Case study for a Monday morning:
You're a bright young guy. Been to one of those premier institutions with numerous "I"s in the acronyms they are known by. Graduated thinking hey, I'm bright, I have this degree from this premier place, I'm not just the whiskers on the cat, but the whole cat's face and possibly the paws too.
Naturally, like so many of us do, you think you have all the answers to the world's problems. You believe implicitly that nobody could possibly disagree with your answers, nor find fault with your impeccable logic. It's obvious to you, has to be obvious to all.
So you start putting those answers out for public consumption.
Then you find, like so many of us also do, that there are indeed people who disagree, who don't quite see your impeccable logic with the clarity you do. It puts those first niggling doubts in your mind. But oh no, you can't admit to them for public consumption, because one of the lessons you think you imbibed from that premier establishment is never to admit to doubts.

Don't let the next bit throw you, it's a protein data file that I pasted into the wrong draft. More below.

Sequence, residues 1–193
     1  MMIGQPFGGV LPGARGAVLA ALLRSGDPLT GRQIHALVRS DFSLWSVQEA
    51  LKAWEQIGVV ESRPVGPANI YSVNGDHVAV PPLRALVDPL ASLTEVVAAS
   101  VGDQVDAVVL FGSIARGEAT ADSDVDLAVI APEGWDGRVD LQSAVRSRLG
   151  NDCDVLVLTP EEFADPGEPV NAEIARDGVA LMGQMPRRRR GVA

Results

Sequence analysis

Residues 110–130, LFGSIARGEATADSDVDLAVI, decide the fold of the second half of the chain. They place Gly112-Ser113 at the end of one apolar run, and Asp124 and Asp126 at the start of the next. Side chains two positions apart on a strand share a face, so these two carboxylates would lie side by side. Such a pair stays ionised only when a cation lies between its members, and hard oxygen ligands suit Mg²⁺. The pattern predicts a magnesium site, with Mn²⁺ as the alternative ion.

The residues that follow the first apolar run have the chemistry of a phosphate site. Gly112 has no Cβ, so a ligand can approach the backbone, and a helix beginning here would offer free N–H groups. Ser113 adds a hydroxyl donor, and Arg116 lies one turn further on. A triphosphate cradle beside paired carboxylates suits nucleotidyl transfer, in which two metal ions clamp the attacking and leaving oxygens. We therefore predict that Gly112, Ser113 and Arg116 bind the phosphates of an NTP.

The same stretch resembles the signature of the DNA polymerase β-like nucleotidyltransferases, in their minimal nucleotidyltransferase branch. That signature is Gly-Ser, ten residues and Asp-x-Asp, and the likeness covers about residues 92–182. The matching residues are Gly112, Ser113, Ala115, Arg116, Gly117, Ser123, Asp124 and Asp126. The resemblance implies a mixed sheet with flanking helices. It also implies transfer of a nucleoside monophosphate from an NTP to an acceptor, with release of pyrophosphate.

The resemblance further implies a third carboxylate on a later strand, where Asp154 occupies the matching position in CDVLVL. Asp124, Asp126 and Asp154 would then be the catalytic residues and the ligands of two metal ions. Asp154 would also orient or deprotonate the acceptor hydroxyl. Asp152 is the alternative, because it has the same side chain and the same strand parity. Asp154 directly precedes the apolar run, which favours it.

(Of course, you didn't learn the most important lesson of all: the brightest guys welcome and learn from doubt. In fact, that's why they are the brightest).
So: faced with the troglodytes who put out other answers for public consumption, who won't see and applaud your logic, what do you do?
Textbook-case easy: you make snide remarks about their anatomy.
(Of course, you didn't learn that other important lesson: remarks about the other guy's anatomy don't undermine the other guy's arguments, they only undermine yours).
Textbook-case in point: this.